Girls from Ipanama (Coisa Mais Linda) Season 2 (2020) – I still love these characters as much as I did before, although I wasn’t thrilled with some of their choices this season. There were quite a few things introduced then left unexplored and several story lines felt like they moved too quickly. I do love that Adelia’s sister and Malu’s business partner received more screen time as I really like their characters. I did feel like there was a bit too much gratuitous nudity and sex. However, this Brazilian Netflix series remains one of my guilty pleasures.
Jumanji: Welcome to the Jungle (2017)– After a couple of very serious, heavy feeling films, I needed something light and funny, so decided on a re-watch of my favorite comedy in recent years. As expected it did the trick, and lightened my spirits. I think the casting and plot for this re-make is just genius. And I appreciate how the film doesn’t take itself seriously at all.
Barakah Meets Barakah (2016) – I’m always trying to branch out in exploring foreign films. So this Saudi made Netflix picture caught my attention. It’s the story of a middle class man who meets and falls for a wealthy girl. Sadly, I didn’t find this one all that interesting, other than the exposure to Middle Eastern culture it afforded me.
The Soloist (2009)– I love Robert Downey Jr. and was curious to see him in a more dramatic film with Jamie Foxx. Of course, with these two talents, great performances were a given. The story wasn’t quite what I was expecting with its’ focus on mental illness and homelessness. Though I do appreciate that it presents these topics with compassion, it was a bit too much sadness and darkness for me at this time of my life.
When a Man Loves (1927)– How could I pass up the chance to see Drew Barrymore’s grandparents, John Barrymore and Dolores Costello, act together in the same film? This is the first of Barrymore’s silent movies that I have seen and I must say, I think I prefer him in “talkies”. It was heavy on the melodrama both in the story line and the acting and the plot was all over the place. Plus, it’s hard to take the very masculine Barrymore seriously when he’s wearing a full face of makeup.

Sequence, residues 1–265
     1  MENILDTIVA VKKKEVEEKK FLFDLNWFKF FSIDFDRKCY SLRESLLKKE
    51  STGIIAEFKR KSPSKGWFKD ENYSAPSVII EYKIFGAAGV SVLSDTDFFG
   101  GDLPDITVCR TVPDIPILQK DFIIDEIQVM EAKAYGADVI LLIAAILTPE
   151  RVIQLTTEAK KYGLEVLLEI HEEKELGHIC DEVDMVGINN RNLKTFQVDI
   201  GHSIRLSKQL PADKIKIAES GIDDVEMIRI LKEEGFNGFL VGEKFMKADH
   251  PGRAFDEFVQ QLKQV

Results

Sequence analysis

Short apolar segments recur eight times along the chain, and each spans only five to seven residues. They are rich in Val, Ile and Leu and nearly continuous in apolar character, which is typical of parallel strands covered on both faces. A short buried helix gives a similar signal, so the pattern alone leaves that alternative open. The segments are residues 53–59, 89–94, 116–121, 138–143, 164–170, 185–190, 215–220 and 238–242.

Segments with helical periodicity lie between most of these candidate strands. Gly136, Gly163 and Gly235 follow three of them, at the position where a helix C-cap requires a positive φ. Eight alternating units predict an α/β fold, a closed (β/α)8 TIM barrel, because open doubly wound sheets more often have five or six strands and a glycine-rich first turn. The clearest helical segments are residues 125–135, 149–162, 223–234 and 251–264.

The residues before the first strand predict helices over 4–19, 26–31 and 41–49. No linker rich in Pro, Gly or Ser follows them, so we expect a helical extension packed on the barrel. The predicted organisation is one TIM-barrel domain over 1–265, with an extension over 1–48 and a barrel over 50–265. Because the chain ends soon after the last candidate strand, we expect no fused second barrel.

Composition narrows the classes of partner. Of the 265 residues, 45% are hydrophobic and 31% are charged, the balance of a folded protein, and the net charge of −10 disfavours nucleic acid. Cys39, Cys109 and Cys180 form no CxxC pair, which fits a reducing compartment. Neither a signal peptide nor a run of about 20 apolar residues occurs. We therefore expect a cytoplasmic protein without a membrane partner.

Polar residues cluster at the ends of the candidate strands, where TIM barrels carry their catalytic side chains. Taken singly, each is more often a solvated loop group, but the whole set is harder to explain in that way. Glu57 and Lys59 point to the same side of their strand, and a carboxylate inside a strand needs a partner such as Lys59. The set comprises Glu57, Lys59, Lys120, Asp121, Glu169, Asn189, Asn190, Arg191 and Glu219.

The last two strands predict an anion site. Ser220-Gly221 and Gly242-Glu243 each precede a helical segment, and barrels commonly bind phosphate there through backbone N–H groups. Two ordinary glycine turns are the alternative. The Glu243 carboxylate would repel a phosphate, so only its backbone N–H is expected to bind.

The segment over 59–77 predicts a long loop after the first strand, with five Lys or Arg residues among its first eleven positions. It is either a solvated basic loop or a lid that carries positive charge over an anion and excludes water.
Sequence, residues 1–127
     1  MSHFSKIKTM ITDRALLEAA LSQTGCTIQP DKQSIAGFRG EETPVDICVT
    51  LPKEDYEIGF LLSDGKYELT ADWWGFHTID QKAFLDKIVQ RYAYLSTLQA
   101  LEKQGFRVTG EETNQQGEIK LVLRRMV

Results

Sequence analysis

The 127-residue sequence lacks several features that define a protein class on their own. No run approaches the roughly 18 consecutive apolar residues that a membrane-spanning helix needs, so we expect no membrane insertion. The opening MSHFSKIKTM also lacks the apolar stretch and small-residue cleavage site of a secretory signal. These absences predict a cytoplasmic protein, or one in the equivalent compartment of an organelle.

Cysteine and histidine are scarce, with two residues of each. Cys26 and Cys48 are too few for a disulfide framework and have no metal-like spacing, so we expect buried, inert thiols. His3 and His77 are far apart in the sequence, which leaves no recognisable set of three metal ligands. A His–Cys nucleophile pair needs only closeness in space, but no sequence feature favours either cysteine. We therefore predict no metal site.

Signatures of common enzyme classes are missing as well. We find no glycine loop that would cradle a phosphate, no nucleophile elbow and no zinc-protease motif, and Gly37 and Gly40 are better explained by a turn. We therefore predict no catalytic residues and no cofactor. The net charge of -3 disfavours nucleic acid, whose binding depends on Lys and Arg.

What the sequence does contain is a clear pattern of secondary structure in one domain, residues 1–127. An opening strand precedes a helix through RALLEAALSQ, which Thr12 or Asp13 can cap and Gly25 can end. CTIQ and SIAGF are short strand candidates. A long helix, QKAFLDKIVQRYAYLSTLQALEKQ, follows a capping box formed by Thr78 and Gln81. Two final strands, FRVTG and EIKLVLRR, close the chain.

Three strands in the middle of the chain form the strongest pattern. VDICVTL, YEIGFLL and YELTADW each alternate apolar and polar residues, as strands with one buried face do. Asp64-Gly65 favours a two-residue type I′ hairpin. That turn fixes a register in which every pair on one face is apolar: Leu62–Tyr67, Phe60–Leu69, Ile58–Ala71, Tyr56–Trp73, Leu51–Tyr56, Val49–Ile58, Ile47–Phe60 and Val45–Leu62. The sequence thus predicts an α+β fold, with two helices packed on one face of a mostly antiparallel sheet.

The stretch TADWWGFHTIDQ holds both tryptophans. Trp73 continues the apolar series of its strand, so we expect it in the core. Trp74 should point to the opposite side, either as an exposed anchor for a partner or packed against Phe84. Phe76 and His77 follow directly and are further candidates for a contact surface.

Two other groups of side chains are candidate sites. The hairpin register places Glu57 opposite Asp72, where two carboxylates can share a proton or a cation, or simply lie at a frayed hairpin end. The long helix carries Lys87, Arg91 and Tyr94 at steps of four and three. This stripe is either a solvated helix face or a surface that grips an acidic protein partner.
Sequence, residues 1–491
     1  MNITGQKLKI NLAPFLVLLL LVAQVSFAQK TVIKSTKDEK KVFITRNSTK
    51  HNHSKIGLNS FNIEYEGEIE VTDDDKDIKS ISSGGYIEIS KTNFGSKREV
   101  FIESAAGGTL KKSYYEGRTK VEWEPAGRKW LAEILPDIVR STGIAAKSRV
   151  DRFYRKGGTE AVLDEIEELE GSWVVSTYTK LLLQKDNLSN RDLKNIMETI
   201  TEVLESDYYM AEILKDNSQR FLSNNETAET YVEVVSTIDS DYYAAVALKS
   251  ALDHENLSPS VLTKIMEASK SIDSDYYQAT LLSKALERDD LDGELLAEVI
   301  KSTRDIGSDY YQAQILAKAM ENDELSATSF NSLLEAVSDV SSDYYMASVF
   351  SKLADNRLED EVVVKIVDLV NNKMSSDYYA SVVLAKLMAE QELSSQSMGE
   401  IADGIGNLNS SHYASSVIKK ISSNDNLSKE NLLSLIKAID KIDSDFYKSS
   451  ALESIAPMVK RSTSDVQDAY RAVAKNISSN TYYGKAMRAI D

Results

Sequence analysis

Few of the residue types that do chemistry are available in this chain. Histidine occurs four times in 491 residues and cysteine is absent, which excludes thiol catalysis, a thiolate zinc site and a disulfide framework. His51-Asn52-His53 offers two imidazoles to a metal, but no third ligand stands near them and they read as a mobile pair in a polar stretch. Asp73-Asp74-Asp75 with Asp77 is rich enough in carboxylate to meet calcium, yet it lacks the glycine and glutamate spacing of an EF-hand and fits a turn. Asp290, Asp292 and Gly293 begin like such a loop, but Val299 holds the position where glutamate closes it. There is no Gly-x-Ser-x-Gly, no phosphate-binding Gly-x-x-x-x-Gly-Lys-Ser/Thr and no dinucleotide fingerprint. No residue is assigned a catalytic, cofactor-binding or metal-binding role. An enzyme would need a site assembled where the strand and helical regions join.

Small Island (2009) – Populated with now familiar faces like Naomie Harris, Benedict Cumberbatch, Ruth Wilson & David Oyelowo, this mini-series provides a thoughtful look at the experiences of Jamaican immigrants in London after WWII. I don’t know much about Britain’s history with racism, but this gave me a better idea. I really connected with the characters and their experiences. It is beautifully shot and emotionally compelling. Plus, it made me want to visit the island of Jamaica.
By Your Leave (1934)– A forgettable little programmer about a husband and wife who decide to take a week’s vacation from each other. I expected a bit more from a film starring Frank Morgan and Genevieve Tobin. The best parts of the film were those with their bossy maid played by a pre-wicked witch Margaret Hamilton.
This nomination means a lot to me for a couple of reasons. One is that it comes during a difficult time in my life and has been a silver lining for me. Another is that as much as I enjoy blogging here, I am certainly not a professional. I’m simply a fan who loves writing about things that bring me joy in the hopes that others might find something they too can enjoy. So, to have my amateur attempts recognized is special.
Before this post can begin, I must list the official rules of the Sunshine Blogger Award, which are the following:
List the award’s official rules
Display the award’s official logo somewhere on your blog
Thank the person who nominated you
Provide a link to your nominator’s blog
Answer your nominator’s questions
Nominate up to 11 bloggers
Ask your nominees 11 questions
Notify your nominees by commenting on at least one of their blog posts.
My Answers to Eleven Questions
I enjoyed answering the questions Tiffany provided. They certainly gave me many moments of pondering over some things I had never considered before.
If you could have gone on a date with any character from a movie, who would it be? I was very tempted to name Karel Novak from Romance in Manhattan whose joyful innocence is contagious. But I have to choose Bruce Templeton from The Glass Bottom Boat. Not only is he a beautiful piece of eye candy, but he’s also incredibly smart. You would think a scientist who runs his own company might be a bit dull, but Bruce is playful, with a wonderful sense of humor who also knows how to enjoy his free time. In other words, he’s the whole package.
What actor do you think should have played a really famous character (Sherlock Holmes, James Bond, Nancy Drew, etc.) in a film but didn’t? Urban legend has it that Ian Fleming modeled James Bond after Cary Grant. Grant proved he could handle action and secretive characters in his Hitchcock films. So, it’s such a shame he never took on the characterization of Bond.